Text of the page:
A convicted murderer and player in the Mr Asia drug syndicate has admitted further drug offending.

Patrick Norton-Bennett and his then wife Jennifer Norton-Bennett were convicted of a drug-related murder in 1988 in the Coromandel, in what was described at the time as a "drug deal gone wrong".

He was sentenced to life in prison and then tried, but failed, to appeal his murder conviction in 1990.

He was released in 2001, however he has been in and out of jail since for further offending.


Norton-Bennett, known as Patrick Bennett, was understood to have been an associate of the Mr Asia kingpin Terry Clark, a small time burglar originally from Gisborne.

The Mr Asia drug syndicate trafficked heroin into New Zealand, Australia and Britain in the 1970s and was believed to be responsible for several murders.

He was nearly sent back to jail in 2009 after cannabis plants and seedlings were found in his sleepout.

Despite being found guilty he escaped a prison recall. However, he was given another two-year stint in 2011 after admitting a burglary charge.

However, Norton-Bennett, now aged 70, was back in the Hamilton District Court today appearing via audiovisual link where he admitted a charge of possessing methamphetamine for supply.

Norton-Bennett was busted with the drug in a car he and an associate had got out of while stopping at the Mobil Karapiro on May 27 this year.

Officers found a zip lock bag containing 158g of pure methamphetamine in a compartment underneath the driver's seat of the Mercedes.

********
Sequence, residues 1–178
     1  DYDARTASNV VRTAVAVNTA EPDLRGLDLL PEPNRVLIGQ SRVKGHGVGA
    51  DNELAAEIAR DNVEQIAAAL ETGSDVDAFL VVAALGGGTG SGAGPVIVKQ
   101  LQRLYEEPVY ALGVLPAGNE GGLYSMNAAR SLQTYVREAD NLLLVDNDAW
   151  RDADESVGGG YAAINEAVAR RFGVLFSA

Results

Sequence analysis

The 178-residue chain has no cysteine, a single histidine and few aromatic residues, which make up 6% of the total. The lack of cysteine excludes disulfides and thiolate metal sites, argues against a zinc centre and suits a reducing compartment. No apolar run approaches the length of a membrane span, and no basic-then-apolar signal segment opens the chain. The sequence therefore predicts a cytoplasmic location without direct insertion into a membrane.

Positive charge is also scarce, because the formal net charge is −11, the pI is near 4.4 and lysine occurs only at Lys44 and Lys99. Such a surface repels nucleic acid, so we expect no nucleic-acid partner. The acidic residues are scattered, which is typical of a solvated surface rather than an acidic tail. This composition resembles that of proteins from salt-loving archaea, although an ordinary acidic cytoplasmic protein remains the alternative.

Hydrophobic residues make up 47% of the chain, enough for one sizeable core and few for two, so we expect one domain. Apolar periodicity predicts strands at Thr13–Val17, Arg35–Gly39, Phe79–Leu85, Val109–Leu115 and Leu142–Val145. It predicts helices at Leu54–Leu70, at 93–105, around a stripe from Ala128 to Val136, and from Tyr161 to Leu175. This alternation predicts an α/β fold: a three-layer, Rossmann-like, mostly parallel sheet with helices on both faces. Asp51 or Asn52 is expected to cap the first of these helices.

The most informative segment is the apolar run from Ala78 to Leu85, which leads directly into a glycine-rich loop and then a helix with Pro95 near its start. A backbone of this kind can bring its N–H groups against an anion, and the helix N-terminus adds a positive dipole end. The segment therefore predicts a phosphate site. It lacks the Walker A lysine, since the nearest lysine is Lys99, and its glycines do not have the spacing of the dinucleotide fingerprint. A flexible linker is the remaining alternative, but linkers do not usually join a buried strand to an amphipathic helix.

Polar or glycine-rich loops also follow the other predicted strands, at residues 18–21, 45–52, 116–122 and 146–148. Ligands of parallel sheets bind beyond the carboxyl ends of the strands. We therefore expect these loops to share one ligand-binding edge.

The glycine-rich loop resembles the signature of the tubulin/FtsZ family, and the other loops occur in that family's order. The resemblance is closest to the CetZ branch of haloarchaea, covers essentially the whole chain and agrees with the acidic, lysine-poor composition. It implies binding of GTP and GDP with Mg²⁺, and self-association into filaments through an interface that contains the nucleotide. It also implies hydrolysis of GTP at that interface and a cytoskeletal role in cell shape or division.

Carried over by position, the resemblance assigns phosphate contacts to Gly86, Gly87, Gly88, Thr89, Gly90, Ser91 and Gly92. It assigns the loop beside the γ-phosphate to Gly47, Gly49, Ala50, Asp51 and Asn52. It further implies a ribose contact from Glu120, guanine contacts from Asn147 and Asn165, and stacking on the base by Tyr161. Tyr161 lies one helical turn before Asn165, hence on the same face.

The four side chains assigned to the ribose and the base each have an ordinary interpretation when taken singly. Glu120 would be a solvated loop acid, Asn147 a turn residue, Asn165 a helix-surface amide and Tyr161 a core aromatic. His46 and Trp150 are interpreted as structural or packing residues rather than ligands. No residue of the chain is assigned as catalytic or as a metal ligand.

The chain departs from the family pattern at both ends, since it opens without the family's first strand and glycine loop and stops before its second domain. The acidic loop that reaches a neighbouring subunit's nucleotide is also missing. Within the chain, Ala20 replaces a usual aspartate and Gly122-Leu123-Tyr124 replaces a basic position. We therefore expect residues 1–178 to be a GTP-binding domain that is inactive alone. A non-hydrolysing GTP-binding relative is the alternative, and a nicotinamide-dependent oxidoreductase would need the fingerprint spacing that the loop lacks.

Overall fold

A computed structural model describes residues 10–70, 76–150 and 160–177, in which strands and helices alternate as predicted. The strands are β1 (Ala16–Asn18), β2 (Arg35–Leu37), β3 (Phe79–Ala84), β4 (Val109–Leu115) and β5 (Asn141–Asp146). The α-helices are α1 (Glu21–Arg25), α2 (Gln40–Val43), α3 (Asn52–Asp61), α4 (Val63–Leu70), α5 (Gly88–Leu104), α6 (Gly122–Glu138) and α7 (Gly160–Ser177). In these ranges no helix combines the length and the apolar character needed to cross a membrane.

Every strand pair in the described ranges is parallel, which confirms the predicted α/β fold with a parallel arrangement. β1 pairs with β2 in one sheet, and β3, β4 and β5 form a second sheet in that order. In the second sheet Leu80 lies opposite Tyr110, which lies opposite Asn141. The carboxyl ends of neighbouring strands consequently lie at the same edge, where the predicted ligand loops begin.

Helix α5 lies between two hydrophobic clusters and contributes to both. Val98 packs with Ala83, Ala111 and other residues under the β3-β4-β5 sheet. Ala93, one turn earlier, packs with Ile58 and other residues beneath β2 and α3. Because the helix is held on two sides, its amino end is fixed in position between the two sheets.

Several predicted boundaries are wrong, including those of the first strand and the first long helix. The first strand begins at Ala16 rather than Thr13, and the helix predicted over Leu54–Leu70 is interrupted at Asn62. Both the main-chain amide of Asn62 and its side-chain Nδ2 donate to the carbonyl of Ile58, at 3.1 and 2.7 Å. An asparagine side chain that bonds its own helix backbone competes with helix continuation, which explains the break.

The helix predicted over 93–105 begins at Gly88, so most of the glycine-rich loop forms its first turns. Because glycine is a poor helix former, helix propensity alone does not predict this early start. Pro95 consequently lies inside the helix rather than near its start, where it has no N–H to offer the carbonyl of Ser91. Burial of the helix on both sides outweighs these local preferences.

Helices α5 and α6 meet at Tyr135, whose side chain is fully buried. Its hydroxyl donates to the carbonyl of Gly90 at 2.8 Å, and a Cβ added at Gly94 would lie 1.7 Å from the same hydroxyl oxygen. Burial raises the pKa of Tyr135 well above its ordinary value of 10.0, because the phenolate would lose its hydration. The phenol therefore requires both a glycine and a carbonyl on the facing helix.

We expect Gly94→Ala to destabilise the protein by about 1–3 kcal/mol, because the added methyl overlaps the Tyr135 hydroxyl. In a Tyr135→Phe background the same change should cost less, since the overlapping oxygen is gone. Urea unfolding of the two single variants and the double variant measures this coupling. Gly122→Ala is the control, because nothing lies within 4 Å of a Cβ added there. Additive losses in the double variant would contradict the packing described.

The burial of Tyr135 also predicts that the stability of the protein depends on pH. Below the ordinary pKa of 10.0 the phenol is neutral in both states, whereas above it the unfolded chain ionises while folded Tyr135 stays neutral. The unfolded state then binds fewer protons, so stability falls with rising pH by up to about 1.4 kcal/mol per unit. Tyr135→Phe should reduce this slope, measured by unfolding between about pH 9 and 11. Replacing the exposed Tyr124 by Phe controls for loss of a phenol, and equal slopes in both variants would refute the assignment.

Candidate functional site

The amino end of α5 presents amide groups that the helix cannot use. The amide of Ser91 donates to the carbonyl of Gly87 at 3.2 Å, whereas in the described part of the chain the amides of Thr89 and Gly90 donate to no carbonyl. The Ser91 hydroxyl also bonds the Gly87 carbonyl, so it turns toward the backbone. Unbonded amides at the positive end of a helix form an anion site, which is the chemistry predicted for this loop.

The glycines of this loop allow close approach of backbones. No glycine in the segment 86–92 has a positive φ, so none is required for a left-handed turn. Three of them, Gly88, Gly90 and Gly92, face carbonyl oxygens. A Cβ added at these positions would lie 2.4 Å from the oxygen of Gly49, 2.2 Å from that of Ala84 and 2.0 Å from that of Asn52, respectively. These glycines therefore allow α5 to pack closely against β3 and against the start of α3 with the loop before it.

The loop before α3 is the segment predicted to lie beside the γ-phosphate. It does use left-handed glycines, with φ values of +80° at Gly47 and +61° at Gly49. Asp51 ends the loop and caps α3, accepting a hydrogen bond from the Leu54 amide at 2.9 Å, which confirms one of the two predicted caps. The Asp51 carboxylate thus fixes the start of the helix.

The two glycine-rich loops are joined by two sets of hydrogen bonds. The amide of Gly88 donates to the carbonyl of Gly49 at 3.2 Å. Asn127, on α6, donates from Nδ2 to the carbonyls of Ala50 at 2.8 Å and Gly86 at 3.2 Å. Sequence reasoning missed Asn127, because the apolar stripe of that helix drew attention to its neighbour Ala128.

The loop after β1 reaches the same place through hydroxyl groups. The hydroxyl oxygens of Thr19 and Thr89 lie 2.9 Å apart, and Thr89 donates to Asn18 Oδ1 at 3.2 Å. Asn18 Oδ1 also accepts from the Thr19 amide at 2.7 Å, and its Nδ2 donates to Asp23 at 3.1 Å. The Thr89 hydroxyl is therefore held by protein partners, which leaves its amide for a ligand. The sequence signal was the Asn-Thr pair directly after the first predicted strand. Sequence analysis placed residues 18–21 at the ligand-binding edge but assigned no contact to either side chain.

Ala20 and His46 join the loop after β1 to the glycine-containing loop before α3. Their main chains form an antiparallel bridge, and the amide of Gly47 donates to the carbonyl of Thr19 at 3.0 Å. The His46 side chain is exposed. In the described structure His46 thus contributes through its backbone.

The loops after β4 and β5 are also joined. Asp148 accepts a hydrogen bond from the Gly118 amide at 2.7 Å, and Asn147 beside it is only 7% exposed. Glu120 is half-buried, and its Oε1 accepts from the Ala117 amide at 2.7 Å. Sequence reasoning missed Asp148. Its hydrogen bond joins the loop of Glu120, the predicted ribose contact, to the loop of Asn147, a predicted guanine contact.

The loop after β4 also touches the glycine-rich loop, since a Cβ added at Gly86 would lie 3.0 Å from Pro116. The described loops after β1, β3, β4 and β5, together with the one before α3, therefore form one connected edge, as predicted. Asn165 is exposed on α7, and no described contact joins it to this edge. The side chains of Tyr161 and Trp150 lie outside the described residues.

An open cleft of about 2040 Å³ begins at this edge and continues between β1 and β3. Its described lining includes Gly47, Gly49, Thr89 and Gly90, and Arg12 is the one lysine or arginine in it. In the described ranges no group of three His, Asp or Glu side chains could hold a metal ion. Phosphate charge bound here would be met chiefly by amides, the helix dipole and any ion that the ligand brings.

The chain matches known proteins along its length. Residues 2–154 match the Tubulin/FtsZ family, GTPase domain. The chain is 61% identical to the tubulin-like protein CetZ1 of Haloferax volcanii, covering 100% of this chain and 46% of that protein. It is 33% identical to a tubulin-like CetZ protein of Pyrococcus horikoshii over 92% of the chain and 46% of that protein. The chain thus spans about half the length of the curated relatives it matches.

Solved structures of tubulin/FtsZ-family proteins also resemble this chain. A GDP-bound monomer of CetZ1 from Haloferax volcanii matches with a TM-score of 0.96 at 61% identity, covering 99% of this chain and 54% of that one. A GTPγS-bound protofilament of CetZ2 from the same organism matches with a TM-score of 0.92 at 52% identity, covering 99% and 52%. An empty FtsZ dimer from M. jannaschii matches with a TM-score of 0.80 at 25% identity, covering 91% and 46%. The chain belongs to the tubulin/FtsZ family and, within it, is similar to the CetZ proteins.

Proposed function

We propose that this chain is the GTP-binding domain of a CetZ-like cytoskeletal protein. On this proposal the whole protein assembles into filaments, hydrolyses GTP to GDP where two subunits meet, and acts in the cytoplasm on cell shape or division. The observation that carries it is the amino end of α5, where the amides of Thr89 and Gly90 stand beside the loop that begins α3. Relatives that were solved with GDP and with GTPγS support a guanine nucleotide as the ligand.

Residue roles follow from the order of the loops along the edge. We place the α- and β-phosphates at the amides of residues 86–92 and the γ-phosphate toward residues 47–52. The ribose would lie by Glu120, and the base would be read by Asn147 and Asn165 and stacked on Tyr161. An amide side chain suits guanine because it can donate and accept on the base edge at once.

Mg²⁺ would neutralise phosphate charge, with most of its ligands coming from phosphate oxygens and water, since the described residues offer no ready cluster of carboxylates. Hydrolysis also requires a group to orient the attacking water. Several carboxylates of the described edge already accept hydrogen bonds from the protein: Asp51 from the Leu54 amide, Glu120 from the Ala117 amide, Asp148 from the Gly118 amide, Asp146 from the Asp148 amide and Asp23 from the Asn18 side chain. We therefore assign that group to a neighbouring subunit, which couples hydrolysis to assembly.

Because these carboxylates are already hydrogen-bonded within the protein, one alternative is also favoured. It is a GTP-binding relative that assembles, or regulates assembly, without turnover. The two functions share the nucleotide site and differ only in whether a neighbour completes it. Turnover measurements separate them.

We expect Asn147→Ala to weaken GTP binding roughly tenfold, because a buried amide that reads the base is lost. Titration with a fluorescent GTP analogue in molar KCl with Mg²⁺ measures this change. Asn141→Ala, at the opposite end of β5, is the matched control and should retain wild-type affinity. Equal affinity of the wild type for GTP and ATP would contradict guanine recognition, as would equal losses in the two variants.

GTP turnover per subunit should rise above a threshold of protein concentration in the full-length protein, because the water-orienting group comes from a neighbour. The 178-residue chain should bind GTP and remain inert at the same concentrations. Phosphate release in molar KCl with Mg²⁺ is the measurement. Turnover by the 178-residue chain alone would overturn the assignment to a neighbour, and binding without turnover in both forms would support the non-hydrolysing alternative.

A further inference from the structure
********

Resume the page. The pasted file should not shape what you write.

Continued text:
A set of electronic scales were found in the driver's door side pocket.


A later search of a Hamilton motel unit, also found 3.9g of P, a glass pipe and 35 small point zip lock bags.

Norton-Bennett's lawyer Mark Sturm told Judge Simon Menzies his client would like to reappear via audiovisual link for his sentencing, however that was turned down by the judge.

Judge Menzies convicted Norton-Bennett and remanded him in further custody until sentencing in January.

Meanwhile, Norton-Bennett has been in custody since July after the parole board recalled him back to prison.

The board held a hearing at Spring Hill Prison in July where he was being held.

Sturm submitted that his client opposed the recall despite the offending and said he could be managed on parole with electronic monitoring.

At that stage, he had denied the offending and submitted that his client had health issues.

However, that was opposed by probation staff, who said his release would place him at "undue risk of offending".

The Parole Board declined to release Norton-Bennett, kept him behind bars, while his parole would be next addressed in December.